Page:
With one of the most heralded senior classes in the history of the UCSB men’s basketball team set to finish off its college career, two Gaucho freshmen have been making an unexpected and immediate impact on this veteran-laden squad. With UCSB’s final game of the season this Saturday and the Big West postseason tournament next week, both center Alan “Big Al” Williams and point guard T.J. Taylor will have a major say in whether UCSB can make it back to the Big Dance for a third consecutive season.
“It’s fun being the two young guys getting the minutes on the team,” Williams said. “In preseason and stuff we were saying that we wanted to start, and we knew that if we kept working hard it could happen.”
Entering the school year last summer, both Williams and Taylor expected they would be watching most games wearing street clothes as redshirt freshmen.
“Coming in, we both thought we would have to redshirt,” Taylor said. “Then a couple of guys got hurt or whatever, and we both got the opportunity to play more.”
Both freshmen have taken advantage of the opportunity, running with it all the way to starting jobs. Williams has started 14 of 24 games overall for the Gauchos, including 13 of 14 in conference play. Taylor has started nine games overall for UCSB, including eight in conference.
“Al and T.J. have really both created their own opportunities by playing well when given the chance,” Head Coach Bob Williams said. “Especially Al; every time he played he was productive and his minutes just got extended as he carved out a niche for himself.”
There is no doubt that anyone who has seen a UCSB game this season knows Williams’ niche is rebounding the basketball. The 6’7” big man is currently averaging 8.2 rebounds per game in conference play, good for third in the Big West. His 1.9 blocks per game also rank third in the Big West. Impressively, Williams has more offensive rebounds on the season, a statistic in which he ranks first place in the league, than defensive rebounds.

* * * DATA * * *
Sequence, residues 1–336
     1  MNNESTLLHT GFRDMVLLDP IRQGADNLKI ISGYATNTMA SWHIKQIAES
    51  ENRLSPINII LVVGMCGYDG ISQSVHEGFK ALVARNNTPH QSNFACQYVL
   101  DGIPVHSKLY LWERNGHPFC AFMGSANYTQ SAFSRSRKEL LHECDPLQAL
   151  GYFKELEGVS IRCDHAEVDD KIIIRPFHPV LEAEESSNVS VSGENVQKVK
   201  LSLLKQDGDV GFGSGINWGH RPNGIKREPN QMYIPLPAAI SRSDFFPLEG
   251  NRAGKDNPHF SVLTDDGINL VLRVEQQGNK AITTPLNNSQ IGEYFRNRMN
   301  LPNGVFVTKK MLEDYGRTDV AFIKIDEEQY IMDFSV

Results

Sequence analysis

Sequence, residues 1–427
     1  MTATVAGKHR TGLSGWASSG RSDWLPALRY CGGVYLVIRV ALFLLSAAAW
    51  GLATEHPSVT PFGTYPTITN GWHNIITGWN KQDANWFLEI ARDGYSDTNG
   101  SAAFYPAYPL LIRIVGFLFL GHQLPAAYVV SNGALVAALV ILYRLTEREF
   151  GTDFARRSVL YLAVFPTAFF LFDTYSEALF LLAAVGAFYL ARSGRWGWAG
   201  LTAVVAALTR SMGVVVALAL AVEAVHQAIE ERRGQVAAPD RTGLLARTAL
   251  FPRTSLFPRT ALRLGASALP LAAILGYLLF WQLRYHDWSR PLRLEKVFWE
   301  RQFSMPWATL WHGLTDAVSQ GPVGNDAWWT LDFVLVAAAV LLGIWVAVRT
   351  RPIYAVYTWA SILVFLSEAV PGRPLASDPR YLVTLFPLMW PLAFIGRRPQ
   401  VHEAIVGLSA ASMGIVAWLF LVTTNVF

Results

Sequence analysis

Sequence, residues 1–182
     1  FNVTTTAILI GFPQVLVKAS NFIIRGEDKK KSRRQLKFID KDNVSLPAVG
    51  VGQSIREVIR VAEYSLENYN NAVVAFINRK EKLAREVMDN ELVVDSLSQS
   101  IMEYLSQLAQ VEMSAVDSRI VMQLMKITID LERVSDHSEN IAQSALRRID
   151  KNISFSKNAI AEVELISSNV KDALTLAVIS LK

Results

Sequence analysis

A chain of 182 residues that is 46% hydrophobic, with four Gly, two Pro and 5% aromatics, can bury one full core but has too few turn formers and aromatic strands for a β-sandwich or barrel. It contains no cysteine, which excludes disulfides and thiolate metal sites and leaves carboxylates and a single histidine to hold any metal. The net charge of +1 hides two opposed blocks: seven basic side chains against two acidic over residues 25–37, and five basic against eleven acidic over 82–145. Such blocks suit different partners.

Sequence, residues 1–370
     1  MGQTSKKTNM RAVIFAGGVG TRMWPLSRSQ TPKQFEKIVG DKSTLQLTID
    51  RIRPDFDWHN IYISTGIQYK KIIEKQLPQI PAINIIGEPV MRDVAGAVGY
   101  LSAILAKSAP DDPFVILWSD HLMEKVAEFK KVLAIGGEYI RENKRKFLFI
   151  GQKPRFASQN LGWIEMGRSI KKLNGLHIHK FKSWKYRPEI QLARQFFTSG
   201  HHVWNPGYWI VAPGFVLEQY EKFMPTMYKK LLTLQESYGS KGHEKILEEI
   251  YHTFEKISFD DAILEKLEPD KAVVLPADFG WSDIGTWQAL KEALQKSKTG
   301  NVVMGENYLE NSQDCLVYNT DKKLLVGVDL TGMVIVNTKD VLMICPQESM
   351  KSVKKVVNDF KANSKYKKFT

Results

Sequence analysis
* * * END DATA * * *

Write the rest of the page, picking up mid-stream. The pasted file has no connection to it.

“I know my biggest impact is rebounding the ball,” Williams said. “It takes pressure off my guards knowing they can put up shots and I’m under the basket rebounding … I just try to go after it and get it done — it’s fun to work hard.”
“It is invaluable to know your role as a player,” coach Williams said. “The key to being successful, whether you are a player on a team or in a corporation, is that you see what you can bring to the table. … Al sees what he brings, he does what he is best at and he is excited about doing it every day.”
Big Al has become a fan favorite this season, as the Gaucho Locos’ cheers often reach their loudest after Williams blocks a shot, grabs an offensive rebound or dives for a loose ball.
“It’s a lot of fun to go out there and try to bring as much energy as possible,” Williams said. “Our fans are loud and supportive … we do it for them, we represent this whole campus and school, it feels good that they are supporting us.”
Standing at 5’9”, Taylor is the lightning to Williams’ thunder. Often the smallest guy on the court, Taylor makes up for his lack of size with exceptional speed and fearlessness.
“He has got great quickness and is a natural leader,” coach Williams said. “He has this natural charisma about him that is just contagious.”